Eric’s friend is going through a rough stretch on his return to America after serving overseas. He’s fallen into Alcoholism and is spiraling out of control. Knowing this, he reaches out to Eric for help, for a lifeline.

Eric responds with a chain of correspondence between the two men over time that helps his friend out of the death spiral. Helps him remember who he is and what he’s capable of.

Eric draws on the tenets of Stoicism, amongst many other philosophies, through the course of the letters he writes. Each letter has one to two take-aways for the reader.

From Why Resilience –>What is Resilience –> Taking the first step –> on happiness –> role models –> identity –> habits –> responsibility –> philosophy –> vocation –> practice –> pain –> reflection –> friendships and more

Reading this should help anyone who is aimless in life. Who doesn’t know what their next step, their first step, should be. Someone who doesn’t believe in themselves and wants to know how to move forward in life.

My feelings/assessments of it:

This book resonated with me more than any book I have ever read and will become one of the most recommended books for me in the future, alongside Feeling Good: the New Mood Therapy, which the book discusses and the Seven Habits of Highly Effective People

Interesting titbits:

Some interesting tidbits are:

The best philosophies solve some of the problems of life, not only theoretically, but practically. We can tell a philosophy is working if it produces a life of simplicity, independence, magnanimity and trust.

We all need something to struggle against and to struggle for. The aim in life is not to avoid struggles, but to have the right ones; not to avoid worry, but to care about the right things; not to live without fear, but to confront worthy fears with force and passion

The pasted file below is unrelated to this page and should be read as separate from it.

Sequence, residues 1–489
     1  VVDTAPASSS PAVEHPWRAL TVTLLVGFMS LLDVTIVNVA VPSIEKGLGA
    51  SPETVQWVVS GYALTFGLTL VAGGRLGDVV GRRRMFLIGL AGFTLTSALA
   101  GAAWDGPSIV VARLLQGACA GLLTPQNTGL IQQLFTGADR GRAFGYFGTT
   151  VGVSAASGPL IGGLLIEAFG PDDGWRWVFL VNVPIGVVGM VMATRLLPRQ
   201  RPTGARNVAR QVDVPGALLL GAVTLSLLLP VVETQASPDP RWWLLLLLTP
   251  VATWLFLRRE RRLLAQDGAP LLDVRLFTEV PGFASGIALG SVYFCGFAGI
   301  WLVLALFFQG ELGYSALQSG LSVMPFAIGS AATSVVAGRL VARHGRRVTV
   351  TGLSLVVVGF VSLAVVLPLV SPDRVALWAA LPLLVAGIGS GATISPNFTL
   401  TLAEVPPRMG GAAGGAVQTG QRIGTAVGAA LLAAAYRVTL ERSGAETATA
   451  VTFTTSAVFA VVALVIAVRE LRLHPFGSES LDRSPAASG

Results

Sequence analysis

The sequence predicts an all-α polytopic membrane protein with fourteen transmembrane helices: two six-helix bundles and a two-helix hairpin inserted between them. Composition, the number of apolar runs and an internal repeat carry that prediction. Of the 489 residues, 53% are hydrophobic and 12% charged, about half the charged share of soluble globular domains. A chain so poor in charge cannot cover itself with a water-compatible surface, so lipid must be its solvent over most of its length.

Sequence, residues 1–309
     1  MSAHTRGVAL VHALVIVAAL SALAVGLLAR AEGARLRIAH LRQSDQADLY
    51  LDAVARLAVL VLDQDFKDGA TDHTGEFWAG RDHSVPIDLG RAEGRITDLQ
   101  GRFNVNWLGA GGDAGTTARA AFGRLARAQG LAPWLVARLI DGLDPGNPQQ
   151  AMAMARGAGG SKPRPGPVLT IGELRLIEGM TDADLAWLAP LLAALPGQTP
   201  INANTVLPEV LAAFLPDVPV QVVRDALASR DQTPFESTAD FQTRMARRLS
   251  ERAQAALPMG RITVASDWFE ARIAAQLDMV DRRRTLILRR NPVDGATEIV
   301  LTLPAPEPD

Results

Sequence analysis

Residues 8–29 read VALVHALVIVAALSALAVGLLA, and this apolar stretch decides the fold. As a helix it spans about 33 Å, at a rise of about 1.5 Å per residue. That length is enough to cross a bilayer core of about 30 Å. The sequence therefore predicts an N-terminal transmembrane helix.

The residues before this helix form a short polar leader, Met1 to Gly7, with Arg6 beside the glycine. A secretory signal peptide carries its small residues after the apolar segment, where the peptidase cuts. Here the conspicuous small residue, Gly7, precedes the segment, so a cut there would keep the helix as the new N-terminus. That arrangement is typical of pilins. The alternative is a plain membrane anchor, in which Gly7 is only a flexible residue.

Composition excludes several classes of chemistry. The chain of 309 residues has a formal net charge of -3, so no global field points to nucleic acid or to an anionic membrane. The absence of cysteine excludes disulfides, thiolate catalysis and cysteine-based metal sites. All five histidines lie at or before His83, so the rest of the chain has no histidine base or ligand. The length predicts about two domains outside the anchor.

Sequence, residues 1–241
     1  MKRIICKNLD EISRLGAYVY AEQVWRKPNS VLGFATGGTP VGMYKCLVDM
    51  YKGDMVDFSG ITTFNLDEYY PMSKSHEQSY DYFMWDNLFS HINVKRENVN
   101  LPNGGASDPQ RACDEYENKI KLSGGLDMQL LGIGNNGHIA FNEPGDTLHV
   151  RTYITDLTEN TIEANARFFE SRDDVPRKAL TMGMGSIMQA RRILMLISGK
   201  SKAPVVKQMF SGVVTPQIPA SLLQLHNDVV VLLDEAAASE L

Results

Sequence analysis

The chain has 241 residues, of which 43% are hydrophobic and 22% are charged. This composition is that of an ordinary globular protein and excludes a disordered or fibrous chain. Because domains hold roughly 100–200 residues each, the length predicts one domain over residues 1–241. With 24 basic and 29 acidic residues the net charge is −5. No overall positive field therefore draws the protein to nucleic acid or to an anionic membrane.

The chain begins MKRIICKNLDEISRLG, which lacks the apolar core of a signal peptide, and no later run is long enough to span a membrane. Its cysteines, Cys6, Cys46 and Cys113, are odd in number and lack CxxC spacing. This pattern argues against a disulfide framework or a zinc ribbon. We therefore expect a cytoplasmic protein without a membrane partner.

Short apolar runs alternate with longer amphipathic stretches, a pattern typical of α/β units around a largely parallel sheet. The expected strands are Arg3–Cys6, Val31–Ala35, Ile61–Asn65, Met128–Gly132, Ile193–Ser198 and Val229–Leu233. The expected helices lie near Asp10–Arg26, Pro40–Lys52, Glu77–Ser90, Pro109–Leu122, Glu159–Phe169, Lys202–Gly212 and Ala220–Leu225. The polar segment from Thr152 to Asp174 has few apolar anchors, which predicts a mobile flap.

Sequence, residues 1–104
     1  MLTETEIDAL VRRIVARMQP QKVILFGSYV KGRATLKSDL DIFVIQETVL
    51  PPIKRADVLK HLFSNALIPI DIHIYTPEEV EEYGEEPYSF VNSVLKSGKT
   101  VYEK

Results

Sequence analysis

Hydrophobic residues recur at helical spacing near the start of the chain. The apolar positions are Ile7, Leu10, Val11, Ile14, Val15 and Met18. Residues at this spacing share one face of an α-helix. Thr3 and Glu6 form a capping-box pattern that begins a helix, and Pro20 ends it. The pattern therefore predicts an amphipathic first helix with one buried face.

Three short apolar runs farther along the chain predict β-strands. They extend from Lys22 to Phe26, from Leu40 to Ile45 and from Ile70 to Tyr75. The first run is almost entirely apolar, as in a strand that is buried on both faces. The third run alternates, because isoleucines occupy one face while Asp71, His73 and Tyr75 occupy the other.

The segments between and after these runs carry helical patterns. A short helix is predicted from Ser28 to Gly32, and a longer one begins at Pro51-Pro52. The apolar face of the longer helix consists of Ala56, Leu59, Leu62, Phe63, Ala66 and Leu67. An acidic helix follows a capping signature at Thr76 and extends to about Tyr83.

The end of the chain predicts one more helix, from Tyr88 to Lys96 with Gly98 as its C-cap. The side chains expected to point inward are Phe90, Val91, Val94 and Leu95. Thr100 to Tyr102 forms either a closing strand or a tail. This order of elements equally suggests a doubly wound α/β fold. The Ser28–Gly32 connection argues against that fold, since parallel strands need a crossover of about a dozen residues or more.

The first step to building resilience is to take responsibility for who you are and for your life. If you’re not willing to do that, stop wasting your time.

The essence of responsibility is the acceptance of the consequences – good and bad – of your actions. You are not responsible for every thing that happens to you. You ARE responsible for how you deal with what happens to you.

We become what we do if we do it often enough. We act with courage, and we become courageous. We act with compassion and we become compassionate. If we make resilient choices, we become resilient.

You can develop resilience, anyone can do it. No on can do it FOR YOU. YOU and YOU ALONE have to do the work.

It is possible to build virtues. It is possible to change your character. It is possible, therefore, to change the direction of your life.

Start copying what you love. Copy, copy, copy, copy. At the end of the copy, you will find yourself.

Copy day after day. One day you’ll take stock and find what started out as copying, whether it’s your writing or your way of being a dad, or your way of facing up to a loss, has become something uniquely your own.

-Identity -> Action -> Feelings
-You begin by asking who am I going to be
-You then act that way
-The way you act will shape the way you feel
-If you want to feel differently then act differently

Those are enough tidbits, for more, read the book.

Thank you Eric Greitens for sharing such an inspiring book with the world.